Russian Culture Wars: New Word каминг-аут Enters the Lexicon!

But no gays, please!

If he were to return from the grave, Tolstoy might be horrified to see the state of the Russian language today:  Every other word a borrowing from American.  First there was викенд (“weekend”), then there was бойфренд (“boyfriend”), and now we have каминг-аут (“coming-out”).  Tolstoy would be so depressed, that he might clasp his head and ejaculate, in perfect Russian:

“Еh bien, mon prince. Genes et Lucques ont juste sortis de leur placard .  Bien sur ils l’ont fait leur coming-out.  Je vois que je vous fais peur, садитесь и рассказывайте. Mais je vous previens, que si vous ne me dites pas, que nous avons la guerre culturelle!”

This is in the way of an intro to the latest round in the culture war.  Now the Russian Communist Party is threatening to prosecute people… well, not for using foreign idioms, to be sure, which might be a fair use of the executive power, but rather for “coming out of the closet” and publicly declaring their adherence to “non-traditional sexual orientation”.

One can only sigh and go, “Oi, here we go again….”

Here is the nitty-gritty of the story:

The Party is proposing an administrative fine (of 5,000 rubles) and/or up to 15 days in the slammer for any person who engaged in the “coming-out” process.  Two Duma deputies are behind this proposed legislation, both of them members of the Russian Communist Party:  Ivan Nikitchuk and Nikolai Arefiev.  They are proposing this as an amendment to the existing anti-gay legislation in place:  Statute 6.12.1 “Public expression of non-traditional sexual orientations”.

Nikitchuk:   What We Have Here is a Problem With Morality

According to Nikitchuk, the proposed legislation will strengthen the morality of the Russian people:  “I believe that the problem raised by us is a very sharp and current one, since it touches on the social illness of our society, and first of all touches on the moral education of the younger generation.  Unfortunately, the mechanism devised in 2013 in Statute 5 ФЗ ‘On protecting our children from information which harms their health and development’, which forbids the propaganda of homosexuality, has turned out to be insufficiently effective, this is why we are proposing this new measure.”

Central Station is St. Petersburg’s most popular gay night club.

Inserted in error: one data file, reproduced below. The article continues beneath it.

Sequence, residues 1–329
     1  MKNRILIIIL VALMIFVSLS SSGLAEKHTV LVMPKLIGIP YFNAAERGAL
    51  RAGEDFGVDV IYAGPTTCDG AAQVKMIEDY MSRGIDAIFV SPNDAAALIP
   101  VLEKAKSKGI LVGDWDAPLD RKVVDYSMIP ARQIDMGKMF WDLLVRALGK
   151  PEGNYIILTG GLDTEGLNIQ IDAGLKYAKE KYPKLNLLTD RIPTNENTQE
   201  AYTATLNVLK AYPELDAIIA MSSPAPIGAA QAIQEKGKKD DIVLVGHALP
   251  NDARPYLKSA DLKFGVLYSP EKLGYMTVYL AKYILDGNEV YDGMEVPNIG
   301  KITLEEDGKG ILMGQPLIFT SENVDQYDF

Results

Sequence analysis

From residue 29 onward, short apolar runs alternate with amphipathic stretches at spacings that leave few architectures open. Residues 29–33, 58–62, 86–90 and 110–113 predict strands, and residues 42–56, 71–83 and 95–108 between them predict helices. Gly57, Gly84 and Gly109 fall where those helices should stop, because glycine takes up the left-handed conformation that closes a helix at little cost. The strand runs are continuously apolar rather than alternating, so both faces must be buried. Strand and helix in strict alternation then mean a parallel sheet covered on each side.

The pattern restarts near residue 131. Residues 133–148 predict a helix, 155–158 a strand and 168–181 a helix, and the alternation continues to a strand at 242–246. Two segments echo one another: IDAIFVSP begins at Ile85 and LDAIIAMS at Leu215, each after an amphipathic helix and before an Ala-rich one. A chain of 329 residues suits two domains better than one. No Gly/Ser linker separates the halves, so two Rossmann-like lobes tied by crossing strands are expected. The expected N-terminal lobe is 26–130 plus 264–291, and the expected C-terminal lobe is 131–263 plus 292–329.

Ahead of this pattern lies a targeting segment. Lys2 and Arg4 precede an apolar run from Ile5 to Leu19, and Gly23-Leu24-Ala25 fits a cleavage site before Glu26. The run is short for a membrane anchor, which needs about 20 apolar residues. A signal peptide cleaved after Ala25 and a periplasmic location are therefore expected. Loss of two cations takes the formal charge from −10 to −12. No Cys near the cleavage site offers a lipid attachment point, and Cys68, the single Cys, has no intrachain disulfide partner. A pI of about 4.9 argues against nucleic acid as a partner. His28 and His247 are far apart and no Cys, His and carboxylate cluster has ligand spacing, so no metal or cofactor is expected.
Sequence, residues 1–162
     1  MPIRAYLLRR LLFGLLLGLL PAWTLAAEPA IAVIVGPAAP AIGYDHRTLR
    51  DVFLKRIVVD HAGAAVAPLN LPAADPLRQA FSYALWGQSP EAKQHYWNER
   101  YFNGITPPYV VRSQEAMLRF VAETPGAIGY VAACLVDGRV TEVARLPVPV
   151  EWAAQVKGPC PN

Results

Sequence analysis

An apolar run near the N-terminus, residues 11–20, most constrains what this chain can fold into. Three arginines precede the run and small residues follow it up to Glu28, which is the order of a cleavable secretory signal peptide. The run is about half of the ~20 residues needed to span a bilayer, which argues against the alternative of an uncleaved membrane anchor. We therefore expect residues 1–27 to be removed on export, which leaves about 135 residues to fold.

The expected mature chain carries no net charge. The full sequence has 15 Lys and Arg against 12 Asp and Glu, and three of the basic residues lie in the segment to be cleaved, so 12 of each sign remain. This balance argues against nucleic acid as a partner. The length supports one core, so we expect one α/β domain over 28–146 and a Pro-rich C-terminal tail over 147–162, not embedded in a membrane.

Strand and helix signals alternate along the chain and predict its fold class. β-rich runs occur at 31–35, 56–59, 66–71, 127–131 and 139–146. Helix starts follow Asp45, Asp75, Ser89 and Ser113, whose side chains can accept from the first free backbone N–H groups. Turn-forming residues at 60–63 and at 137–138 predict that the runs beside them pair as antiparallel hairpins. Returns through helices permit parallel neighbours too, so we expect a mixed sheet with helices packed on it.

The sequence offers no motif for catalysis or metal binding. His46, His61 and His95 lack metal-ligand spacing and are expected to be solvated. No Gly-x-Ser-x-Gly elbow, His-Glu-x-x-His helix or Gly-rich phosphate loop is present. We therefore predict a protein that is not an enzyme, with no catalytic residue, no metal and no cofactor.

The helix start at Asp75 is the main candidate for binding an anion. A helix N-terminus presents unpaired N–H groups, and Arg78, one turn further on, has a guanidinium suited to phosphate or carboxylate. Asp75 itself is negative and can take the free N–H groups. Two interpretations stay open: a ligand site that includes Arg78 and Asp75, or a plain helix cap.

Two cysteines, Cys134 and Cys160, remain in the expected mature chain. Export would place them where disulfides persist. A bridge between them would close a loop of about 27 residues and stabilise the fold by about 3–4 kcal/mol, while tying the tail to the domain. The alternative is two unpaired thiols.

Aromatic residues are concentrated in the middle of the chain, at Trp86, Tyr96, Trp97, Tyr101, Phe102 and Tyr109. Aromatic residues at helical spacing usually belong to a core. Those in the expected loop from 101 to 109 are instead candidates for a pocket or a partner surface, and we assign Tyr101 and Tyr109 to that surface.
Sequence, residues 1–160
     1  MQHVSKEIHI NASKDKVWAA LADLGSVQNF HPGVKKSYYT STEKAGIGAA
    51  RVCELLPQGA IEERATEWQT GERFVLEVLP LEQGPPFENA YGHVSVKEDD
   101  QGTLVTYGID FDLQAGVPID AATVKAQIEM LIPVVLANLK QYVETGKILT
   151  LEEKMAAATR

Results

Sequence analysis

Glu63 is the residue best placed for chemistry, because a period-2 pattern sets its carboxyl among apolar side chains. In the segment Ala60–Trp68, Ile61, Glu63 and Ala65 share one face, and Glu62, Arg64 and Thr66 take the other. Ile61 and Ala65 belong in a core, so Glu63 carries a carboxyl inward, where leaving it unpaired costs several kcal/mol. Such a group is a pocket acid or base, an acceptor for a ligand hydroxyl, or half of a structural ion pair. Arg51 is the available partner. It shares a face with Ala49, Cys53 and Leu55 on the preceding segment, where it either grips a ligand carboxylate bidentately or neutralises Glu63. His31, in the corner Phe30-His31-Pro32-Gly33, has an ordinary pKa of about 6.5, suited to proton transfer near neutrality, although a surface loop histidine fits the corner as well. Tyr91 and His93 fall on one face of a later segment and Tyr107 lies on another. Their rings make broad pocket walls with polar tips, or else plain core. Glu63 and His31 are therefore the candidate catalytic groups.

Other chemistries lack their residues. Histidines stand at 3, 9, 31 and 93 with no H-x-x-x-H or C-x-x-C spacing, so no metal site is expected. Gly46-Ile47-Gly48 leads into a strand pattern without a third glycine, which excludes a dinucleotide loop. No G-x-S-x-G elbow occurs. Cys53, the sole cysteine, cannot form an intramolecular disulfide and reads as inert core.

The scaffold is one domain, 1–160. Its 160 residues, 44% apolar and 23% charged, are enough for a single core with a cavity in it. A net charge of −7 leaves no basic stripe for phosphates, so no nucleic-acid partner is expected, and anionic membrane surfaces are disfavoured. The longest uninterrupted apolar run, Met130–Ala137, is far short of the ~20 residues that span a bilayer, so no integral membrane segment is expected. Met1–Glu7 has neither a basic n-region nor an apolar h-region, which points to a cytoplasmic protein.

Nikitchuk goes on to say, that homosexuality is a grave threat to the human race.  Since homosexuals cannot procreate, and therefore the human race is in dire danger of dying out from underpopulation.  [See, at a world population of only 7.3 billion souls, on the very edge of extinction, we homo sapiens as a species are just barely clinging to life!]

And goes on to cite historical facts about the struggle against homosexuality throughout all of human history.  “In Soviet law, the concept of ‘sodomy’ referred to crimes against the person and was punished by incarceration up to five years, and in cases of aggravating circumstances, for example sex with minors, incarceration up to eight years.”

Goes on to talk about punishment of homosexuals in ancient Greece, especially in Sparta.

Attorney Sergei Zhorin and his wife.

IZVESTIA goes on to quote the legal expert Sergei Zhorin, who believes that the proposed legislation is fair, is not “populistic”, and is in line with Russian Constitutional Law.  “The fact is, that various sexual preferences and orientations – is a personal and internal matter for each individual.  I don’t walk around shouting that I love oral sex.” [yalensis:  “Serge, you just did!”]

A dissenting view comes from another legal expert, Maria Bast.  Bast says that the Communist initiative is unworthy of a left-wing party, and that its chances of being passed in the Parliament are equal to null.  “I don’t believe that the parliamentary majority will go for this,” says Bast.  “Especially given the fact that we are in the process of smoothing over our relations with the European Union.”

Vive La Guerre Culturelle!